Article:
# Expectation of the norm of a random vector

Suppose $$X$$ is a random vector denoted as $$(X_1,\cdots,X_n)$$, where $$X_1,\cdots,X_n$$ are iid random variables with sub-Gaussian distributions. For all $$i$$, suppose $$E[X_i^2]=1$$ for simplicity and $$\|X_i\|_{\psi_2}=K$$ where$$\|\cdot\|_{\psi_2}$$ is the sub-Gaussian norm.

Let $$Y=\|X\|$$ be the 2-norm of $$X$$. A known fact is $$E[Y]-\sqrt n$$ can be const bounded. On the other hand, one may ask when $$n\rightarrow \infty$$, will $$E[Y]-\sqrt n \rightarrow 0$$?

For example, consider the standard normal distribution. Then $$Y^2$$ is $$\chi^2(n)$$ distribution, and $$E[Y]=\sqrt 2 \frac {\Gamma\left(\frac {n+1} 2\right)} {\Gamma\left(\frac {n} 2\right)}$$ so $$E[Y]-\sqrt n\rightarrow 0$$ when $$n\rightarrow \infty$$. So for arbitary random variable $$X_i$$ which satisfy the above condition, does $$E[Y]-\sqrt n\rightarrow 0$$ always hold?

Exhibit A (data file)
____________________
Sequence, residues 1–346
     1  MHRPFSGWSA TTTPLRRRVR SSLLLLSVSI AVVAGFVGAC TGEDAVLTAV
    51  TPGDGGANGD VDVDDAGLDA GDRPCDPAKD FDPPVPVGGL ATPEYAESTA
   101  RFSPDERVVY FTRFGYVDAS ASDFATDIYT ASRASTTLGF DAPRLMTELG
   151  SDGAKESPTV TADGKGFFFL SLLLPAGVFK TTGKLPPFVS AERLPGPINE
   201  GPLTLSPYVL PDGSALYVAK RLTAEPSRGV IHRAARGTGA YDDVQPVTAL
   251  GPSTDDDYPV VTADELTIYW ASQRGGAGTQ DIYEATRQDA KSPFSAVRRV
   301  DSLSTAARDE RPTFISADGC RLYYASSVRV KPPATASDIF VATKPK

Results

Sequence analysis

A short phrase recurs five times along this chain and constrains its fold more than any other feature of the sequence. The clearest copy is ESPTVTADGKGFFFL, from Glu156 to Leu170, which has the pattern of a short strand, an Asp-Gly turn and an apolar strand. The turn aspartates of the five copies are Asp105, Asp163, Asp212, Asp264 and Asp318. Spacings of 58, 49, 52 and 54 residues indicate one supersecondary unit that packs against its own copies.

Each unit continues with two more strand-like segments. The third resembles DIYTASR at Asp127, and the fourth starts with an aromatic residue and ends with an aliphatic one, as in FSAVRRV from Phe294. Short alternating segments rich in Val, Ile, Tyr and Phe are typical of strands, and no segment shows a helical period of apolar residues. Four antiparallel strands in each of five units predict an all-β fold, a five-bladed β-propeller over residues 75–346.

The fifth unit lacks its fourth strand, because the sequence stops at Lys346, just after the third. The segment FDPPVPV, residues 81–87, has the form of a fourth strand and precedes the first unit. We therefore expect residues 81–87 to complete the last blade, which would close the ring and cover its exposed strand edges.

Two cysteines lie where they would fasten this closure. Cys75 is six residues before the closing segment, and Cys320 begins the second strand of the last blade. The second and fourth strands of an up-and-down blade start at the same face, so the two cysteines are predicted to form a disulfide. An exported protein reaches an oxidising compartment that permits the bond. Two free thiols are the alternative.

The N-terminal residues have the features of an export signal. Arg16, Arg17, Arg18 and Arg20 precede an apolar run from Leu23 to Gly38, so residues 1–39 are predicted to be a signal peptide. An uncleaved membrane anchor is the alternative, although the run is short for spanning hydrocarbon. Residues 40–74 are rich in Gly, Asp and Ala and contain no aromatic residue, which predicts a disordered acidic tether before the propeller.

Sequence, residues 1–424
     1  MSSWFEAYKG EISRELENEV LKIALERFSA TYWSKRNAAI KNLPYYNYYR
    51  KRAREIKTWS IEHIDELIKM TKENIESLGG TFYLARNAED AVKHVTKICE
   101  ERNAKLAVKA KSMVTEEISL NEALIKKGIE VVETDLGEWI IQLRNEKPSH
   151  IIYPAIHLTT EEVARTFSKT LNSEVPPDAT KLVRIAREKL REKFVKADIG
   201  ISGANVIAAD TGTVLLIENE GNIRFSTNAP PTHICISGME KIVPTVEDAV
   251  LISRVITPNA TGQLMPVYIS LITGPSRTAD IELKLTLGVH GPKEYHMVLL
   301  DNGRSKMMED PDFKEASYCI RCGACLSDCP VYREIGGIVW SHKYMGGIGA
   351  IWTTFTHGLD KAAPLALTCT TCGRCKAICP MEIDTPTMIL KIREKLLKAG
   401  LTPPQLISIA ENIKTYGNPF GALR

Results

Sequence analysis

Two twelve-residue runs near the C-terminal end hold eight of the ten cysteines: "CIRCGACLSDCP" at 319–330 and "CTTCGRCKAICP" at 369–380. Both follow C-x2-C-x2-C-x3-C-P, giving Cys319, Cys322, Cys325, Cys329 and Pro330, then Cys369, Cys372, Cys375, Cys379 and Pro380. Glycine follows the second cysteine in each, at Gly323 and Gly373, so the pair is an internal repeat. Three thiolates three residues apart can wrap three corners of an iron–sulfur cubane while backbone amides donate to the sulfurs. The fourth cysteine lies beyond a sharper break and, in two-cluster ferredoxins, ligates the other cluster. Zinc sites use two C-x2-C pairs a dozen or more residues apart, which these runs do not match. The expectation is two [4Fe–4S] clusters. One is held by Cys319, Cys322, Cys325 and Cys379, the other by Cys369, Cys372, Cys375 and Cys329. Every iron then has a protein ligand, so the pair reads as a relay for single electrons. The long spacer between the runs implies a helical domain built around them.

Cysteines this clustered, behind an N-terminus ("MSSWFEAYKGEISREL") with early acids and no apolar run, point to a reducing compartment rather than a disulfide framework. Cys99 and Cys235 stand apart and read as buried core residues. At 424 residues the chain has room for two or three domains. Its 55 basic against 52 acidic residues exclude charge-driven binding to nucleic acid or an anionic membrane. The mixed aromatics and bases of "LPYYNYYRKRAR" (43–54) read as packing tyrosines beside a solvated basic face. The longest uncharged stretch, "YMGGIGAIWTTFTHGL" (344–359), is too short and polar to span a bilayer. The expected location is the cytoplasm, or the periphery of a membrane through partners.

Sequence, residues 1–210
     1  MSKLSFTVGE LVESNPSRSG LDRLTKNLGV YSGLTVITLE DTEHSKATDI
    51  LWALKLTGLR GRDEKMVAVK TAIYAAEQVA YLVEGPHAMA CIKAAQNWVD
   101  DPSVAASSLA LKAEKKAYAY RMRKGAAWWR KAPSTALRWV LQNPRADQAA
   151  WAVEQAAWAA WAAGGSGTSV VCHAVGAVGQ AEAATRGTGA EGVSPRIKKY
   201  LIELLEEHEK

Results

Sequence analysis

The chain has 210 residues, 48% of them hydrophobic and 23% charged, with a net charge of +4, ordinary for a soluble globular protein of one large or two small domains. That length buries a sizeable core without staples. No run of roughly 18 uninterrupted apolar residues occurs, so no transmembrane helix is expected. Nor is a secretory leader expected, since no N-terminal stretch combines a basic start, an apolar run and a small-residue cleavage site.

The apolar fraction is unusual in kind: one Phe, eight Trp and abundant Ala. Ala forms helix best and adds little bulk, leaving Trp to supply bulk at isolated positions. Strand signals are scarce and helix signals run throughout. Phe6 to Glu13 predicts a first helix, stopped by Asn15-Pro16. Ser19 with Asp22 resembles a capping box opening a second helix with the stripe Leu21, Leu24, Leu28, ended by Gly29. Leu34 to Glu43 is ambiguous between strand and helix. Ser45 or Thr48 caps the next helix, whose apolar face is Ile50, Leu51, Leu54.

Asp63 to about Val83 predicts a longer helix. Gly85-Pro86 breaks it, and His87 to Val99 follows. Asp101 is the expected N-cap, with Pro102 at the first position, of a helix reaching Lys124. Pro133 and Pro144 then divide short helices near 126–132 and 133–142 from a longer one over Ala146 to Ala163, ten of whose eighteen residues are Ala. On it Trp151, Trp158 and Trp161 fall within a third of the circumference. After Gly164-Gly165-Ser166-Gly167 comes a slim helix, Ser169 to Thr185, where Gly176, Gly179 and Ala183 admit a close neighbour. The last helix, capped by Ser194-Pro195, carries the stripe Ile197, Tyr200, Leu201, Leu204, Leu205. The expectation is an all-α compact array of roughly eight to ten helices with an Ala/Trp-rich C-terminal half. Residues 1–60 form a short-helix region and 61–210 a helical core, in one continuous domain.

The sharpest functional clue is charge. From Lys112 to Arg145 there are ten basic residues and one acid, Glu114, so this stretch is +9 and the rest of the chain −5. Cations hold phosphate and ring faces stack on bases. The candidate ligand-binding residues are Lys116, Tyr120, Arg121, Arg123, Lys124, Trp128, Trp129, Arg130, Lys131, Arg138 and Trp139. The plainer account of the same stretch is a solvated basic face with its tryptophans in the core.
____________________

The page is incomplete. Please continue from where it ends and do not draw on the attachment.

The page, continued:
$$\newcommand{\si}{\sigma}$$ Let us prove a stronger estimate of $$EY$$, and let us do that under less restrictive conditions. Namely, let us prove that $$\begin{equation*} EY-\sqrt n=O(1/\sqrt n) \tag{1} \end{equation*}$$ assuming only that $$EX_1^4<\infty$$ (instead of the $$X_i$$'s being sub-Gaussian).
Substituting $$U:=\frac{Y^2}n=\frac1n\,\sum_1^n X_i^2$$ for $$u$$ in the inequalities $$\frac{1+u-(u-1)^2}2\le\sqrt u\le\frac{1+u}2$$ for $$u\ge0$$, taking the expectations, and using that $$EU=1$$ and $$E(U-1)^2=\operatorname{Var}\,U=\sigma^2/n$$, where $$\si^2:=\operatorname{Var}(X_1^2)<\infty$$,
we have $$1-\frac{\sigma^2}{2n}\le\frac{EY}{\sqrt n}\le1,$$ so that (1) indeed follows.